Marine harmful algal blooms (HABs) in the United States: History, current status and future trends.


Anderson DM(1), Fensin E(2), Gobler CJ(3), Hoeglund AE(4), Hubbard KA(4), Kulis DM(5), Landsberg JH(4), Lefebvre KA(6), Provoost P(7), Richlen ML(5), Smith JL(8), Solow AR(5), Trainer VL(6).
Author information:
(1)Woods Hole Oceanographic Institution, Woods Hole, MA, 02543, United States. Electronic address: [Email]
(2)NC Division of Water Resources, 4401 Reedy Creek Road, Raleigh, NC, 27607, United States.
(3)School of Marine and Atmospheric Sciences, Stony Brook University, Southampton, NY, 11968, United States.
(4)Fish and Wildlife Research Institute, Florida Fish and Wildlife Conservation Commission, St. Petersburg, Florida, 33701, United States.
(5)Woods Hole Oceanographic Institution, Woods Hole, MA, 02543, United States.
(6)Environmental and Fisheries Sciences Division, Northwest Fisheries Science Center, National Marine Fisheries Service, NOAA, Seattle, WA, 98112, United States.
(7)Intergovernmental Oceanographic Commission
(IOC) of UNESCO, IOC Project Office for IODE, 8400 Oostende, Belgium.
(8)Department of Aquatic Health Sciences, Virginia Institute of Marine Science, William & Mary, Gloucester Point, VA 23062, United States.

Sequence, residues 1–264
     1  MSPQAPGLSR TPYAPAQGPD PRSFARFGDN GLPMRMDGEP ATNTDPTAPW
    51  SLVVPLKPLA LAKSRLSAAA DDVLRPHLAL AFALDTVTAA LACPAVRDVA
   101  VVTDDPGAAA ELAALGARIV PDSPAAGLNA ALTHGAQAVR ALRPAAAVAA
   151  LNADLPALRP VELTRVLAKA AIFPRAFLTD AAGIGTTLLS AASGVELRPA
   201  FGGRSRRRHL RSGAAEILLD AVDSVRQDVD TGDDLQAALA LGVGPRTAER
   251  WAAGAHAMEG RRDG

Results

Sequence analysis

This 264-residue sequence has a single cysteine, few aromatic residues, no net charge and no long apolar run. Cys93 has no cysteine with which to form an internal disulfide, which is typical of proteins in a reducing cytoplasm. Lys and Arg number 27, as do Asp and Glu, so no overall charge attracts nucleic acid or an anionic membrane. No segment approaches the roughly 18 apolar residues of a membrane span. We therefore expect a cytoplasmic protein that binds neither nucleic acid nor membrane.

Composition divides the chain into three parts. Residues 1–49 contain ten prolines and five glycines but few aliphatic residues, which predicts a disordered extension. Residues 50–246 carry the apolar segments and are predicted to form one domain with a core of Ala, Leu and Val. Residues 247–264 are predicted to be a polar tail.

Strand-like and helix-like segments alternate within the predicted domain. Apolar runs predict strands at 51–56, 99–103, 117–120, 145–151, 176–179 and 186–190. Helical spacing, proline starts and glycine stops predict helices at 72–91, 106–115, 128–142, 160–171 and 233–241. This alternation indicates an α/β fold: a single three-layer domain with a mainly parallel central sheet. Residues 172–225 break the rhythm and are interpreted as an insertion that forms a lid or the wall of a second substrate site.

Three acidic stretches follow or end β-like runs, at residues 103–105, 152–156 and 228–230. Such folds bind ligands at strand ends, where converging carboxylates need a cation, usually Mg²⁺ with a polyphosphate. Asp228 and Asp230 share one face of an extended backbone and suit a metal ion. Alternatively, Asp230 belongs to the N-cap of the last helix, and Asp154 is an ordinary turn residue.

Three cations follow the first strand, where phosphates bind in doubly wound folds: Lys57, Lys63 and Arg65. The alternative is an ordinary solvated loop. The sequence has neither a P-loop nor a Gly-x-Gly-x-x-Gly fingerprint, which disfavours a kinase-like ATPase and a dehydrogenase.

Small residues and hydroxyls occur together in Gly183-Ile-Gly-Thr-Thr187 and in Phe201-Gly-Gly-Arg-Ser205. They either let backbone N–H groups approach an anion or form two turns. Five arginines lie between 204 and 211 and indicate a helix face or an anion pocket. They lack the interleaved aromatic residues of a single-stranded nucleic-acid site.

Harmful algal blooms (HABs) are diverse phenomena involving multiple. species and classes of algae that occupy a broad range of habitats from lakes to oceans and produce a multiplicity of toxins or bioactive compounds that impact many different resources. Here, a review of the status of this complex array of marine HAB problems in the U.S. is presented, providing historical information and trends as well as future perspectives. The study relies on thirty years (1990-2019) of data in HAEDAT - the IOC-ICES-PICES Harmful Algal Event database, but also includes many other reports. At a qualitative level, the U.S. national HAB problem is far more extensive than was the case decades ago, with more toxic species and toxins to monitor, as well as a larger range of impacted resources and areas affected. Quantitatively, no significant trend is seen for paralytic shellfish toxin (PST) events over the study interval, though there is clear evidence of the expansion of the problem into new regions and the emergence of a species that produces PSTs in Florida - Pyrodinium bahamense. Amnesic shellfish toxin (AST) events have significantly increased in the U.S., with an overall pattern of frequent outbreaks on the West Coast, emerging, recurring outbreaks on the East Coast, and sporadic incidents in the Gulf of Mexico. Despite the long historical record of neurotoxic shellfish toxin (NST) events, no significant trend is observed over the past 30 years. The recent emergence of diarrhetic shellfish toxins (DSTs) in the U.S. began along the Gulf Coast in 2008 and expanded to the West and East Coasts, though no significant trend through time is seen since then. Ciguatoxin (CTX) events caused by Gambierdiscus dinoflagellates have long impacted tropical and subtropical locations in the U.S., but due to a lack of monitoring programs as well as under-reporting of illnesses, data on these events are not available for time series analysis. Geographic expansion of Gambierdiscus into temperate and non-endemic areas (e.g., northern Gulf of Mexico) is apparent, and fostered by ocean warming. HAB-related marine wildlife morbidity and mortality events appear to be increasing, with statistically significant increasing trends observed in marine mammal poisonings caused by ASTs along the coast of California and NSTs in Florida. Since their first occurrence in 1985 in New York, brown tides resulting from high-density blooms of Aureococcus have spread south to Delaware, Maryland, and Virginia, while those caused by Aureoumbra have spread from the Gulf Coast to the east coast of Florida. Blooms of Margalefidinium polykrikoides occurred in four locations in the U.S. from 1921-2001 but have appeared in more than 15  U.S. estuaries since then, with ocean warming implicated as a causative factor. Numerous blooms of toxic cyanobacteria have been documented in all 50  U.S. states and the transport of cyanotoxins from freshwater systems into marine coastal waters is a recently identified and potentially significant threat to public and ecosystem health. Taken together, there is a significant increasing trend in all HAB events in HAEDAT over the 30-year study interval. Part of this observed HAB expansion simply reflects a better realization of the true or historic scale of the problem, long obscured by inadequate monitoring. Other contributing factors include the dispersion of species to new areas, the discovery of new HAB poisoning syndromes or impacts, and the stimulatory effects of human activities like nutrient pollution, aquaculture expansion, and ocean warming, among others. One result of this multifaceted expansion is that many regions of the U.S. now face a daunting diversity of species and toxins, representing a significant and growing challenge to resource managers and public health officials in terms of toxins, regions, and time intervals to monitor, and necessitating new approaches to monitoring and management. Mobilization of funding and resources for research, monitoring and management of HABs requires accurate information on the scale and nature of the national problem. HAEDAT and other databases can be of great value in this regard but efforts are needed to expand and sustain the collection of data regionally and nationally.